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Adipose tissue browning in cancer-associated cachexia can be attenuated by inhibition of exosome generation

Hu, Wenjun, Ru, Zeyuan, Xiao, Wen, Xiong, Zhiyong, Wang, Cheng, Yuan, Changfei, Zhang, Xiaoping, Yang, Hongmei
Biochemical and biophysical research communications 2018 v.506 no.1 pp. 122-129
adipocytes, adipose tissue, cachexia, enzyme inhibitors, exosomes, lipolysis, lung neoplasms, mice, muscular atrophy, neoplasm cells, skeletal muscle, weight loss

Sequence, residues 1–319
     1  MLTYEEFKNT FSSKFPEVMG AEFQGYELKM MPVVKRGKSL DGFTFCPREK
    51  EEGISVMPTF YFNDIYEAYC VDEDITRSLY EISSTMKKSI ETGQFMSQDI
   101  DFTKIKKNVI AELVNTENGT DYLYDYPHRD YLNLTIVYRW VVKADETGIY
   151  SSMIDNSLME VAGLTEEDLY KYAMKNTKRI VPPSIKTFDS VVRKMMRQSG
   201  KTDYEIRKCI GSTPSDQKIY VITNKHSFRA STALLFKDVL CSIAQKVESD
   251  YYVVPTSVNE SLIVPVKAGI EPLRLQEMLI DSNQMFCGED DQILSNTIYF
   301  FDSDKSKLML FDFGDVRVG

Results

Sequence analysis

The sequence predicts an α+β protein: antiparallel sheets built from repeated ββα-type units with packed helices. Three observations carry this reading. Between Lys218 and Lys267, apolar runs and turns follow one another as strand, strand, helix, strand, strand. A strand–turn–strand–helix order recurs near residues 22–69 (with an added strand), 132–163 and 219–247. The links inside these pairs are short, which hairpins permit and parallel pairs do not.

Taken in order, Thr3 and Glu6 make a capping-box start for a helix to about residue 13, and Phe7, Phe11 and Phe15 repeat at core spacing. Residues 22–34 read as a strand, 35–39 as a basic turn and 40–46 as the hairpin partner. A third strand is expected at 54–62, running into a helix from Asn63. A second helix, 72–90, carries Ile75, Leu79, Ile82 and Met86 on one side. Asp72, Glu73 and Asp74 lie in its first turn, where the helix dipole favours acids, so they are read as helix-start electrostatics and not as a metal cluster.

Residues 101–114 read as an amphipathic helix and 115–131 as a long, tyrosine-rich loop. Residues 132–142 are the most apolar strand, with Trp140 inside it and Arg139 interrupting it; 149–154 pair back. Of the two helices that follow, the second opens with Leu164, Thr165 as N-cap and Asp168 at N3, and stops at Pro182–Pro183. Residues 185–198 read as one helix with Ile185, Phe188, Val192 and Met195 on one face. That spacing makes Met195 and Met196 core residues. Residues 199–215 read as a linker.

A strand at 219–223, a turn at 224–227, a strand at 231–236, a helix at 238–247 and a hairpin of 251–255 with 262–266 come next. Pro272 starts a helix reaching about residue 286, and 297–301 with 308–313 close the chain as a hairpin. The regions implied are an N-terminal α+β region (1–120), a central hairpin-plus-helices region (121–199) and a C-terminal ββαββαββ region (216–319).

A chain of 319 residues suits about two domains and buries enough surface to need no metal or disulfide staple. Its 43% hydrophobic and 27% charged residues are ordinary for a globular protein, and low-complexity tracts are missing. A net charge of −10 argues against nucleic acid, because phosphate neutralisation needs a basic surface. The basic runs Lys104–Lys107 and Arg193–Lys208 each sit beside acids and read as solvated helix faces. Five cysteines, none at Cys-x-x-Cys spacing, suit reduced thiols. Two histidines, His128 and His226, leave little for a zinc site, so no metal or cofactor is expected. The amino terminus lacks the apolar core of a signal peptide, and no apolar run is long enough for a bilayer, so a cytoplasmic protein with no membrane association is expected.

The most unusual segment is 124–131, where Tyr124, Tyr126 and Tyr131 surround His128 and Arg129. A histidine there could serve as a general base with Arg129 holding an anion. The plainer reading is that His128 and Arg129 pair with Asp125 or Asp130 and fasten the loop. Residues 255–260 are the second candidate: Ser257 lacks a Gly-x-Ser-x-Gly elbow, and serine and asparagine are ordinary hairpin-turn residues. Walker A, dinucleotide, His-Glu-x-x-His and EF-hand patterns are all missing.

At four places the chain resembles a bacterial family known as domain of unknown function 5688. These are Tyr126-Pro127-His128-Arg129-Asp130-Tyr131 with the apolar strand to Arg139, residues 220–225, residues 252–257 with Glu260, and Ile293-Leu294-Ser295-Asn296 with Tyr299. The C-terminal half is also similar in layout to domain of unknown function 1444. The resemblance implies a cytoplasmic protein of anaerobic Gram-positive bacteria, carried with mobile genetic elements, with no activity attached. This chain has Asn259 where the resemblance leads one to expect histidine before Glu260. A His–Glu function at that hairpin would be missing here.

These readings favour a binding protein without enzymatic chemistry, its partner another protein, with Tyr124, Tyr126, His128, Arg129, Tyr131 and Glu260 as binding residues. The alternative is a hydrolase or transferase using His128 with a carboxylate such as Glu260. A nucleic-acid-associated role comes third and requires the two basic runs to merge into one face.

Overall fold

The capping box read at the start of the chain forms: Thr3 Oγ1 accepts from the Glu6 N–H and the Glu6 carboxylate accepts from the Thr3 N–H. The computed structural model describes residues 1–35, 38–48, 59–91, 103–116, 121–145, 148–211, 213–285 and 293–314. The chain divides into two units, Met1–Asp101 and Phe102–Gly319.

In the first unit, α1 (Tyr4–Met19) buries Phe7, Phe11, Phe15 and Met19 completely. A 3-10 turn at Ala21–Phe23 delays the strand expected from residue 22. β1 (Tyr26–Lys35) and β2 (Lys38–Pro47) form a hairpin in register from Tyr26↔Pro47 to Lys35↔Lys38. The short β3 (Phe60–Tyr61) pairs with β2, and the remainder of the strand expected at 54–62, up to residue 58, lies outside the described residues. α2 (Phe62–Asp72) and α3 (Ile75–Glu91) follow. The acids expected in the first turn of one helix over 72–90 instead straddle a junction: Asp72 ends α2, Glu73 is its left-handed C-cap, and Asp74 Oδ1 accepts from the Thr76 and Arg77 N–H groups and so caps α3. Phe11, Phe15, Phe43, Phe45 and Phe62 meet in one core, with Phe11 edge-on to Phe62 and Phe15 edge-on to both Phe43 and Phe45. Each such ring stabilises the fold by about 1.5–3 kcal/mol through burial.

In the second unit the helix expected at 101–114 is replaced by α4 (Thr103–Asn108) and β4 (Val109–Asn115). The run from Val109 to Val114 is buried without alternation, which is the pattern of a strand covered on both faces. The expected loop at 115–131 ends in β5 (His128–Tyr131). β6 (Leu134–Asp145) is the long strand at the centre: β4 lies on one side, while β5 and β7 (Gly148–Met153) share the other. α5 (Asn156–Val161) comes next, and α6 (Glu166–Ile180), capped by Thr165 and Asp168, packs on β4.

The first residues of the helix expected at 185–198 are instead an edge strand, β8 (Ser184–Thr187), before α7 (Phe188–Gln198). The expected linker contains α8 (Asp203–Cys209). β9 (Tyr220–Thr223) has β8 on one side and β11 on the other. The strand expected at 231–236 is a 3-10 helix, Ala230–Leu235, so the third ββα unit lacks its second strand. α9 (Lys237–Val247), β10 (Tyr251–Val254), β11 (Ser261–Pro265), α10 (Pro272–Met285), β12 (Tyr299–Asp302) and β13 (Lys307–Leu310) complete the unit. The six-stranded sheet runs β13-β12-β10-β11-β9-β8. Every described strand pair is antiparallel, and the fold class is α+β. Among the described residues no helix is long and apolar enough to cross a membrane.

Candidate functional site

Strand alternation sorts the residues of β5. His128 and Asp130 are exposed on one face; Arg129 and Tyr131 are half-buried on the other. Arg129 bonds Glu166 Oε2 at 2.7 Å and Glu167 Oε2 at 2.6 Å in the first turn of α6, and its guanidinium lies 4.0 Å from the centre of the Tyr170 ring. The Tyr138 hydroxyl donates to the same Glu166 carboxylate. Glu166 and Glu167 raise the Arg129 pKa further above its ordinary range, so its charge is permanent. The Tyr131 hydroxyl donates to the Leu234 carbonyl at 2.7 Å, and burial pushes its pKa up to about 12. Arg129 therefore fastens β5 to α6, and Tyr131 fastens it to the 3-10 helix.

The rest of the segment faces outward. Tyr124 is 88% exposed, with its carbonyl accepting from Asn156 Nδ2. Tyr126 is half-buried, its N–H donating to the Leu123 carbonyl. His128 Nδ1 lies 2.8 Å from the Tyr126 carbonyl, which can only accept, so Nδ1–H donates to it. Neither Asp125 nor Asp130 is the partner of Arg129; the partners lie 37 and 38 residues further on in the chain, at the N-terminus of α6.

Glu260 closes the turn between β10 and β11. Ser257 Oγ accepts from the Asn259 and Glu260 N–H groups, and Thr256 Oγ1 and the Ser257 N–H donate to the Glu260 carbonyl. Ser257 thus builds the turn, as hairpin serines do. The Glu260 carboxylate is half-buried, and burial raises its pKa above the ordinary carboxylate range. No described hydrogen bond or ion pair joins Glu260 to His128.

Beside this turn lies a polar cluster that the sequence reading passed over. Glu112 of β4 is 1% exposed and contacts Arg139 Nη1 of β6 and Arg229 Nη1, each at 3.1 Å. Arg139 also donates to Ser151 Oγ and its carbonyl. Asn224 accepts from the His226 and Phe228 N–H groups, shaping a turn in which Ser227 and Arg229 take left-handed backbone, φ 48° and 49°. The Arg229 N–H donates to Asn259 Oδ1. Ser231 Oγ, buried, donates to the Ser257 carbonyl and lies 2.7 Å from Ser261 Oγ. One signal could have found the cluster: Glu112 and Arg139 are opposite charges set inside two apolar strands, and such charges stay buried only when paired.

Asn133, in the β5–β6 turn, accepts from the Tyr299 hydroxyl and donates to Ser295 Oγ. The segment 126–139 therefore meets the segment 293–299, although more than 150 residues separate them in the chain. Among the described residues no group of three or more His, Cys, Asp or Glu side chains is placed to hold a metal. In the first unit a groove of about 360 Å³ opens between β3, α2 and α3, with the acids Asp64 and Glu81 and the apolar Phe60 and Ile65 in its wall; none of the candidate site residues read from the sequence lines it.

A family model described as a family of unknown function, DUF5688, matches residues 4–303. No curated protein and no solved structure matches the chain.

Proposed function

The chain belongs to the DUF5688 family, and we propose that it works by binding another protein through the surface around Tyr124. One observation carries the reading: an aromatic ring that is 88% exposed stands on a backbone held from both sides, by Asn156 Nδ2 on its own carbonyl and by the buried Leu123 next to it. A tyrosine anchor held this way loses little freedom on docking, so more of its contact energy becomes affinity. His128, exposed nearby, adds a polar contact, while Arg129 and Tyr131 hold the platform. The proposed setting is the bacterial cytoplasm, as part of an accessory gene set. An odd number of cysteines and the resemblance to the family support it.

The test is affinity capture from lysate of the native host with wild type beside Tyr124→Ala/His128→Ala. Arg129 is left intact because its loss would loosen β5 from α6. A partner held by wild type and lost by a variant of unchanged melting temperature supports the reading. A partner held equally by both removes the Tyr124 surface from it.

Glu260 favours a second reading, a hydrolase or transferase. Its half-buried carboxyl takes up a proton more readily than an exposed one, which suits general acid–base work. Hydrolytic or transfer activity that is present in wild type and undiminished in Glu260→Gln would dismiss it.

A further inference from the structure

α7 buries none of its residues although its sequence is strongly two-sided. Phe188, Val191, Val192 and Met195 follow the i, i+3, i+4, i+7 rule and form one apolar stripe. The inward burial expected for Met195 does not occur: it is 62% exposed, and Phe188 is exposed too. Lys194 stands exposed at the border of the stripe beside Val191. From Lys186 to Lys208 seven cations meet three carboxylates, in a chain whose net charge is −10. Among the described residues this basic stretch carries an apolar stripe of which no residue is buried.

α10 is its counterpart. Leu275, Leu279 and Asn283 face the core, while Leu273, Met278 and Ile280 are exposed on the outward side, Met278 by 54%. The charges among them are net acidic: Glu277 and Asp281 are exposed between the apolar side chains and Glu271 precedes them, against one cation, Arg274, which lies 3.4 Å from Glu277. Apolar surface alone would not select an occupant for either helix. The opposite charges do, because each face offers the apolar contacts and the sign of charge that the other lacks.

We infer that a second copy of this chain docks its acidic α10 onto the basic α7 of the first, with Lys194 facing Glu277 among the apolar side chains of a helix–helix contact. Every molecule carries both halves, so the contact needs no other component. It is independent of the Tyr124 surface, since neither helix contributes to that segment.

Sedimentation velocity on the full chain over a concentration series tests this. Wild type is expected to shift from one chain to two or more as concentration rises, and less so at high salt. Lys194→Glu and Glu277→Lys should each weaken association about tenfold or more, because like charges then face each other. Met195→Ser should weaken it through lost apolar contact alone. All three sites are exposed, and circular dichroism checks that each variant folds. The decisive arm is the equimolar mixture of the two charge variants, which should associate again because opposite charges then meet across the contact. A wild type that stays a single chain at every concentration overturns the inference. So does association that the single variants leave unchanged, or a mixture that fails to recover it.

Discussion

Cancer-associated cachexia (CAC) is a disorder characterized by unintended weight loss due to skeletal muscle wasting and adipose tissue loss. Although muscle atrophy in this condition has been well studied, the mechanisms underlying adipose tissue loss, which include browning, have not been investigated in detail. In this respect, though recent studies have shown that exosomes from cancer cells can promote lipolysis, the link between exosomes from cancer cells and CAC has not been clearly established. In this study, we investigate if exosomes from Lewis lung carcinoma (LLC) cells can induce lipolysis in vitro (in 3T3-L1 adipocytes) and in vivo (in LLC tumor-bearing mice). We find that exosomes from LLC cells do induce lipolysis in 3T3-L1 adipocytes and that the white adipose tissues of mice with LLC tumors show clear signs of lipolysis. We also find that this lipolysis can be inhibited using the neutral sphingomyelinase inhibitor GW4869. Our results indicate that GW4869 not only inhibits exosome generation and release from LLC cells, but can also inhibit lipolysis induced by LLC-derived exosomes in 3T3-L1 adipocytes. Furthermore, we also demonstrate that LLC tumor-bearing mice treated with GW4869 did not develop CAC. In summary, our results suggest that inhibiting exosome generation and release can inhibit lipolysis and adipose tissue browning, and may be useful as a novel strategy for treating CAC.